Modernism, a period rich in both figural and abstract works, enriched by Meredith Ward’s expert knowledge

by leslierankowfinearts

One of the most enjoyable and engaging collections that I work on focuses on Modernist art. It begins with an artist the clients first collected themselves, a great collection of prints by  the American regionalist, Thomas Hart Benton, and has developed in the last ten  years to include works by painters Gallatin, Joseph Stella, and John Marin and sculptors  Paul Manship, Frishmuth and Jennewein, to name a few . The reason this collection is such a pleasure to develop is two-fold. The collectors are a wonderful couple who have become not only dedicated and extremely knowledgeable clients but also wonderful friends. The period of works in the collection,  dating from the 1920s through 1950s, is a fascinating one since it is rich in both abstract and figural styles and affords us the opportunity not only to explore a variety of mediums- sculpture, watercolor, gouache – but also the diversity of subject matter, both representational and abstract.  Meredith Ward, an impassioned dealer and expert in American modernism, is extremely well-versed in the art of this period and its many facets and is a source of great information and work.

In our first blog, Meredith compares the qualities and criteria in evaluating both modern and contemporary art. Here we continue the dialogue.

WHEN YOU ARE LOOKING AT CONTEMPORARY WORK, DO YOU HAVE THE SAME AESTHETIC CHECKLIST? IN WHAT WAYS DOES LOOKING TRANSCEND THE PERIOD AND IN WHAT WAYS IS IT CHARACTERIZED BY THE MOMENT IN WHICH IT IS CREATED?

For me, it’s a very similar process. Just like with a modernist work, I look for contemporary art that is not only emblematic of the time in which it is created but also has a capacity to go beyond passing fashion. It’s my experience that works of the best quality by definition have a kind of timelessness.

YOU HAVE CREATED A WONDERFUL NICHE IN THE AREA OF THE AMERICAN ABSTRACT ARTISTS OF THE 30s and 40s. WHAT ARE THE SIGNATURE CHARACTERISTICS OF THIS PERIOD?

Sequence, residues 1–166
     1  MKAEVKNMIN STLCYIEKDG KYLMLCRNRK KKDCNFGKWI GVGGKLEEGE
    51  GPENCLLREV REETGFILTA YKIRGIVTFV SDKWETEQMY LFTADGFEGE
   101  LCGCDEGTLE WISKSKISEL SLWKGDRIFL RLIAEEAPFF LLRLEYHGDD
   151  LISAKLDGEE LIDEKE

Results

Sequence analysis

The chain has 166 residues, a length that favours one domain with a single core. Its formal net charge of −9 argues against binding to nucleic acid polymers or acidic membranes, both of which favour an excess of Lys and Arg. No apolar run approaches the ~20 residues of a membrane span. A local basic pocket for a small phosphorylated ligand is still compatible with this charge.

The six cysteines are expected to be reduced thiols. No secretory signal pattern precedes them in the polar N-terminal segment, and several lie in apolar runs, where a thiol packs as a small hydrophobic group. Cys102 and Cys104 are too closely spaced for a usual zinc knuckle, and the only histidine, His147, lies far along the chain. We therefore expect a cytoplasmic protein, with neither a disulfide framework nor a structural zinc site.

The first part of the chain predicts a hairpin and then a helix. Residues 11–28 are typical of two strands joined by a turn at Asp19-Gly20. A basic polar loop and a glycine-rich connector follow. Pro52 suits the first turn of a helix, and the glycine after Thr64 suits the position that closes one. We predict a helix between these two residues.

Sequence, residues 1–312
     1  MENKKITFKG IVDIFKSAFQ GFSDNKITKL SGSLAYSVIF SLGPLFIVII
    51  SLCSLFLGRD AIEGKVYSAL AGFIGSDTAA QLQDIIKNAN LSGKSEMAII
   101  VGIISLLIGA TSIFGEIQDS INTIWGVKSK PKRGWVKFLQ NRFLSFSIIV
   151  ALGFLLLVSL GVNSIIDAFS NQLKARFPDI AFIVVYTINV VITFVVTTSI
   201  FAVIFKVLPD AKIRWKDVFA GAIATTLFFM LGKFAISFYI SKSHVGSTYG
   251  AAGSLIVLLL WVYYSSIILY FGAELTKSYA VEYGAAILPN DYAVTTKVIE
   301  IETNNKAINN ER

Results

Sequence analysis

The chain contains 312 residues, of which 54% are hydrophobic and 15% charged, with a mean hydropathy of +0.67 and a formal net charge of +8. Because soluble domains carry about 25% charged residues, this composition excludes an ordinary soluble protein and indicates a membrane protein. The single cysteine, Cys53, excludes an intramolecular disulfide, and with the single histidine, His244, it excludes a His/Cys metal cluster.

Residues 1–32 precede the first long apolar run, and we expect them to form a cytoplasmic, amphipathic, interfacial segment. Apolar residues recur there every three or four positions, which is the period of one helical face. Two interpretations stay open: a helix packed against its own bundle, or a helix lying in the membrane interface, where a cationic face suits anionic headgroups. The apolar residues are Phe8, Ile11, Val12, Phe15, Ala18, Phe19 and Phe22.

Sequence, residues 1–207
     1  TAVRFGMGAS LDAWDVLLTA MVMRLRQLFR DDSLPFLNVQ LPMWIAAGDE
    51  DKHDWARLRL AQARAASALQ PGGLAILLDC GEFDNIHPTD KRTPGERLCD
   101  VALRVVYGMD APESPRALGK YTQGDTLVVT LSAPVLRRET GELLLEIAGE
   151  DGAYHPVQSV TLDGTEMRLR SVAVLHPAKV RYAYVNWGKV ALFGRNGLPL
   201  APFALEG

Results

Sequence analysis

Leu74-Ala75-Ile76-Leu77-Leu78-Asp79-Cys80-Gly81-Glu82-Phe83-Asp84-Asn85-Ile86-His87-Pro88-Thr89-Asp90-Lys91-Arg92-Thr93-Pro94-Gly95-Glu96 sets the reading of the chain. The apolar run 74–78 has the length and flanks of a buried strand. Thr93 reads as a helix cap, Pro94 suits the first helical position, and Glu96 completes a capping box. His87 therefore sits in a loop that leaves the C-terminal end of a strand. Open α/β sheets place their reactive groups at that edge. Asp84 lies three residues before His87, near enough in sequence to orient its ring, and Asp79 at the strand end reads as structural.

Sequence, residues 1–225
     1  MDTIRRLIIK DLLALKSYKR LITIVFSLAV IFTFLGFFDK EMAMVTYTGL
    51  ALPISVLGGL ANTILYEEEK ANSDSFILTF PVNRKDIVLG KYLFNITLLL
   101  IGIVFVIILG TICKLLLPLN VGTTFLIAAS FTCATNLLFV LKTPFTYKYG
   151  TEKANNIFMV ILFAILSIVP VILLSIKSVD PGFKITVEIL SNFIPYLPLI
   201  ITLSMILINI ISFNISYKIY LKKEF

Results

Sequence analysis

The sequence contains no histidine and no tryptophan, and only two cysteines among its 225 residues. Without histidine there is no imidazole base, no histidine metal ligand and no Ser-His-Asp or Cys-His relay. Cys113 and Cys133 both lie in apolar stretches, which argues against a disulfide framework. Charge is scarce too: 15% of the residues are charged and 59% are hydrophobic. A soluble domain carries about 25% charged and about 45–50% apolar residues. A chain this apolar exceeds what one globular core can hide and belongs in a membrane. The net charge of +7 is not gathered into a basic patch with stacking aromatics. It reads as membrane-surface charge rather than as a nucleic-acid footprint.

The American Abstract Artists was a group of artists that established themselves in the mid-1930s to promote abstract art in America. It is generally non-objective, that is without a clearly identifiable subject, and focuses on pure color and pure form.

WHICH ARTISTS DOES IT INCLUDE? IN WHAT WAYS ARE THEY SIMILAR AND IN WHAT WAYS DO THEY DIFFER?

Artists in the group include Charles Biederman, Werner Drewes, Frederick Kann, George L.K. Morris, and Charles Shaw. Each of them had a signature way of working. Some were more influenced by international artistic trends,while others had a very distinct American inflection. Morris, for example, painted works with Native American themes, and Shaw used the New York City skyline as inspiration. Biederman and Kann were very international in their sources and later influence.

YOU HAVE A STRONG AND SERIOUS COMMITMENT TO THE AMERICAN MODERNIST SPIRIT? WHAT ATTRACTS YOU TO IT?

American modernism is fascinating because it is the earliest expression of the avant-garde in this country, which, prior to the second World War, had not been a particularly welcoming place for “the new”. Most institutions and collectors in the United States were pretty conservative in their taste, so it was really a courageous thing for American artists in the early 20th century to venture out into these radical new styles.

ON A BUSINESS NOTE, HOW DO YOU FIND WORKS TO BUY AND SELL AS THIS MARKET IS OBVIOUSLY FINITE EXCEPT FOR THE FLOW IN THE SECONDARY MARKET OF WORKS THAT COME FROM SELLERS OR AUCTION?

I have relationships with private collectors who from time to time decide they want to sell something in their collection. I also get requests from clients who are looking for something specific and help them acquire it either from other collectors, dealers, or at auction.

Next time, Meredith will enlighten us on the specific demands and considerations that the management of an artist’s estate requires. If you have any questions or comments, please join in the dialogue!